Born in Tulsa, Oklahoma, in her youth, she was known for her portrayal of the irrepressible Zelda Gilroy in the television series, The Many Loves of Dobie Gillis. Four episodes were filmed, but the project was dropped when rumors began to circulate that she was a lesbian. When she was passed over for a promotion in favor of a man with less experience she began to see major obstacles for women in the job market.
Sheila Kuehl then went back to school, and graduated from Harvard Law School in 1978 where she was the second woman in the school's history to win the Moot Court competition. She became an attorney specializing in Feminist causes.
Kuehl drafted and fought to get into California law more than 40 pieces of legislation relating to children, families, women, and domestic violence. She was a law professor at Loyola, UCLA and USC Law Schools and co-founded and served as managing attorney of the California Women';s Law Center. She is currently a member of the Harvard University Board of Overseers.
She also served as President of the Women Lawyers' Association of Los Angeles and as a member of the California Supreme Court's Advisory Committee on Gender Bias in the Courts. She has trained judges, prosecutors, law enforcement officers, and women's advocates across the nation on domestic violence issues.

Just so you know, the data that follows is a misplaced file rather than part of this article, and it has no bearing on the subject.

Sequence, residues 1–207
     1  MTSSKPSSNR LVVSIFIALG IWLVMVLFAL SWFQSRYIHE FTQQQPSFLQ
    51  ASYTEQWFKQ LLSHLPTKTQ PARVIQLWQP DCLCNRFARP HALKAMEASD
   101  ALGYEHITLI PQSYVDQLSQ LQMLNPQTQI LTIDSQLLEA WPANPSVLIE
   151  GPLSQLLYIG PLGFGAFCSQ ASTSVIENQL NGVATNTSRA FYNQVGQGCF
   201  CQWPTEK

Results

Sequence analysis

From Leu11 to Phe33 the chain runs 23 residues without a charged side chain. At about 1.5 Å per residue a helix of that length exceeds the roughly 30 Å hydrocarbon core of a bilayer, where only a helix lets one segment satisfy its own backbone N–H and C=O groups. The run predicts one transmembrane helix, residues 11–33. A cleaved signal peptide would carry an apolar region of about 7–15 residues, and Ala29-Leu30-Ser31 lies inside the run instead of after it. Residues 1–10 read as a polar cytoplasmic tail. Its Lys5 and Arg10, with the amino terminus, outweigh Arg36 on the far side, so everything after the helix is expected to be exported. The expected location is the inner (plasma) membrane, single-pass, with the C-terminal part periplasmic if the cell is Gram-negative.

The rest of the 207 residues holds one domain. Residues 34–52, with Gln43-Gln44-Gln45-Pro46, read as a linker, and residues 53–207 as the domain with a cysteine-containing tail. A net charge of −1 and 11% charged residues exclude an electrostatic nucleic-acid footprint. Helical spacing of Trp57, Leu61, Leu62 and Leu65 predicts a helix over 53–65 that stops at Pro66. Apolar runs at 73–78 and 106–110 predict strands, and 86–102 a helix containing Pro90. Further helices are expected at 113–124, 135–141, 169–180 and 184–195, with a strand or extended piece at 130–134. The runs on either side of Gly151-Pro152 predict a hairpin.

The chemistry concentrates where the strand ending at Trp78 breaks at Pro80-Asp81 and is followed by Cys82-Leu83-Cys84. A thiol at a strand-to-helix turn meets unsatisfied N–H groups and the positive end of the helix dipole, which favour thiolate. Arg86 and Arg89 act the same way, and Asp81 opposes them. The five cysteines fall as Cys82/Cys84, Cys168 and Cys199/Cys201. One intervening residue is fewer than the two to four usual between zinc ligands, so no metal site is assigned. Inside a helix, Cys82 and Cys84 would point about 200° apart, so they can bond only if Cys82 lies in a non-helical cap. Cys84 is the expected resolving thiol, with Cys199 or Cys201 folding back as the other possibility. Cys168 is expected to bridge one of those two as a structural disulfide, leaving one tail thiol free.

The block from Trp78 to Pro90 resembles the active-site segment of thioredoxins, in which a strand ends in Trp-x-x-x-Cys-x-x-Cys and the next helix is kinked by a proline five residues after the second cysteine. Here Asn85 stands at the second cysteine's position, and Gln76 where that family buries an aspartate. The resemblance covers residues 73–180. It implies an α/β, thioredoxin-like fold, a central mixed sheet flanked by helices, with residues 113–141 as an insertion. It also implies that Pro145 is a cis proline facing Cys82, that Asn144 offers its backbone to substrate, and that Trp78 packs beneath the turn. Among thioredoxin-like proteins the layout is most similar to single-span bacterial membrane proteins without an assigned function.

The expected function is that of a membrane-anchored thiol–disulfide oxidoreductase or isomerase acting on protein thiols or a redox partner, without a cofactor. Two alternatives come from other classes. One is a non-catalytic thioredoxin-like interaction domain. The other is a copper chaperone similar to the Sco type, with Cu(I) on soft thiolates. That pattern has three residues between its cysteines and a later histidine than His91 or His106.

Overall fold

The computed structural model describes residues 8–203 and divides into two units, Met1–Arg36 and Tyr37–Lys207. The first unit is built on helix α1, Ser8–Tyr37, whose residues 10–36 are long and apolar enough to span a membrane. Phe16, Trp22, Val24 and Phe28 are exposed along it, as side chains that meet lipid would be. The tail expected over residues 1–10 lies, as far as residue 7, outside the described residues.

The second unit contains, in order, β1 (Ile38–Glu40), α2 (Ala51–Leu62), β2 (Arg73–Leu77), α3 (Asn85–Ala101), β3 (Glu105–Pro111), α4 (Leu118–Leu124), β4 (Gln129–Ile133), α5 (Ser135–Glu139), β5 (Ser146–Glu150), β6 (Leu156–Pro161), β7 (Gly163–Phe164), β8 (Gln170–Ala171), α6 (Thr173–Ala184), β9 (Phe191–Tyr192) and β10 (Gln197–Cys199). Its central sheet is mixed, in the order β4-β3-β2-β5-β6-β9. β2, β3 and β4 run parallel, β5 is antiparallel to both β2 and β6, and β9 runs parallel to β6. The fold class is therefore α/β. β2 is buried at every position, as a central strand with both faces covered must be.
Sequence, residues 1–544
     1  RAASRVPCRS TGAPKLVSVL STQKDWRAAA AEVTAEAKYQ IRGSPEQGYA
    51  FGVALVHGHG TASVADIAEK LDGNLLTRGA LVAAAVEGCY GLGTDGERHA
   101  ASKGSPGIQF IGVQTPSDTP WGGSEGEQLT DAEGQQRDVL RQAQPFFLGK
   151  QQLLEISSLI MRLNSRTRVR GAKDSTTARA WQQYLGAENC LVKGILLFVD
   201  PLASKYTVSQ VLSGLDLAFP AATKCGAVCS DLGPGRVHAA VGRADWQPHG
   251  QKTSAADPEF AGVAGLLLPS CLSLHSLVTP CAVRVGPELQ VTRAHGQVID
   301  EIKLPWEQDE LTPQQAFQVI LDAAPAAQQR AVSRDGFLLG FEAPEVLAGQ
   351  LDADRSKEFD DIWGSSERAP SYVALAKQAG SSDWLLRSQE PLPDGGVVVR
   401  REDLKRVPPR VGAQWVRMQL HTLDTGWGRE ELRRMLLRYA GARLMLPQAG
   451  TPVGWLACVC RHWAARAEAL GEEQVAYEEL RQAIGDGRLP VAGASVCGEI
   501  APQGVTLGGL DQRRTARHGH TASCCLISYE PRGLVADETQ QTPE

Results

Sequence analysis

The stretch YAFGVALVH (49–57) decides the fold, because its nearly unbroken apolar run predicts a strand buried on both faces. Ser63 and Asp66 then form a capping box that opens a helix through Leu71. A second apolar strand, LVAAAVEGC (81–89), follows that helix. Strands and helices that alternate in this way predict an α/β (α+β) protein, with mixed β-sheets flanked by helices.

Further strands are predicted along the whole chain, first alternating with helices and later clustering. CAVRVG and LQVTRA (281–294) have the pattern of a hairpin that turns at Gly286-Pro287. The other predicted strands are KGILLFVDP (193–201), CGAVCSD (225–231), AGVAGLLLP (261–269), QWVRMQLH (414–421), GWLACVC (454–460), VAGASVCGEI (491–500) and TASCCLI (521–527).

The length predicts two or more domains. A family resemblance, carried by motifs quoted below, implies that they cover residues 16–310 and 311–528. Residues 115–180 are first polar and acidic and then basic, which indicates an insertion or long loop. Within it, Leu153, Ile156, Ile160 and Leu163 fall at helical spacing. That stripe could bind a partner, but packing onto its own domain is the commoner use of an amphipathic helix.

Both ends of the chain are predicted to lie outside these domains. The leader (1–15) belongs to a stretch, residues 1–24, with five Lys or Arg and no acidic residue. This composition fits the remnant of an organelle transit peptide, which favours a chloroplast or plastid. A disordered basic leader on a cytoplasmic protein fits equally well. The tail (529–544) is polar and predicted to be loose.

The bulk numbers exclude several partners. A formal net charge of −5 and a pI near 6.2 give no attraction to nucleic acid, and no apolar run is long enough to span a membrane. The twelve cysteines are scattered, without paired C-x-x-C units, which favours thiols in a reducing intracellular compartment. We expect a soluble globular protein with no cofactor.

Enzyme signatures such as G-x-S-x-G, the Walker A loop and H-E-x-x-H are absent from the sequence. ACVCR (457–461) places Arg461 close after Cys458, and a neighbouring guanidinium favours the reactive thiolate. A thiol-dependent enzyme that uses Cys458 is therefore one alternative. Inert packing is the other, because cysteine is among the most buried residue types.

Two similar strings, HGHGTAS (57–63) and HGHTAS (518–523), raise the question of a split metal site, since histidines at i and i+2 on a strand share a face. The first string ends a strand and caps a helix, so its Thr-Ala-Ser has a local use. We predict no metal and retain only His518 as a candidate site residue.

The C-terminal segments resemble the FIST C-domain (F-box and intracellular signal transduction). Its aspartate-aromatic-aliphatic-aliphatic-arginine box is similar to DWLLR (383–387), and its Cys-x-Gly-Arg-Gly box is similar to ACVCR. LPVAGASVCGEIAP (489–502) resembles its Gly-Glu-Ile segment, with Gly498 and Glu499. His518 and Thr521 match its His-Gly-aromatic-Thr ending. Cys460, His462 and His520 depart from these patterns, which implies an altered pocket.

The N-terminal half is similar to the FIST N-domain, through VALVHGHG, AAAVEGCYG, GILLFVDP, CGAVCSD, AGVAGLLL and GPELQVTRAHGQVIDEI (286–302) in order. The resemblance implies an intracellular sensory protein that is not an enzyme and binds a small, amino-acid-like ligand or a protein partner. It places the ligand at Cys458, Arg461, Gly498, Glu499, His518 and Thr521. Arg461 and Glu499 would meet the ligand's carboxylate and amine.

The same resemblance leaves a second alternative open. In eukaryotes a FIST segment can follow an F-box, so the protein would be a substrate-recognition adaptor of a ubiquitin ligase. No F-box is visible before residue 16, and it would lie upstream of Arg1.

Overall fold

She ran fot the election to the California State Assembly. During her first two terms in the Assembly, Kuehl authored thirty-eight bills that were signed into law to further protect domestic violence victims and their children, tighten child support enforcement, prohibit discrimination on the basis of gender in the workplace and in education, increase the rights of crime victims, safeguard the environment, and fund after school programs for at-risk youth.
At the invitation of President Clinton, she addressed the 1996 Democratic National Convention on the issue of family violence. In 1996 George magazine selected her as one of the 20 most fascinating women in politics and the California Journal named her Rookie of the Year. In 1998 the California Journal ballot taken among legislators, the press, legislative staff and lobbyists chose her as the most intelligent Assembly member as well as the member with the greatest integrity.
Sheila James Kuehl, now in her third legislative term in the California State Assembly, is the chair of the Assembly Judiciary Committee. In the 1997-98 session she was the first woman in California history to be named Speaker pro Tempore of that body. She is also the first open gay or lesbian person to be elected to the California Legislature.
Kuehl represents the 41st Assembly District in Los Angeles County and serves on the Appropriations, Health, and Water Parks & Wildlife Committees as well as the Joint Committee on the Arts. She is the chair of the Select Committee on Entertainment and the Arts, is a member of the Select Committee on the San Gabriel Valley Groundwater Contamination and currently serves on the Judicial Council of California and the California Coastal Conservancy.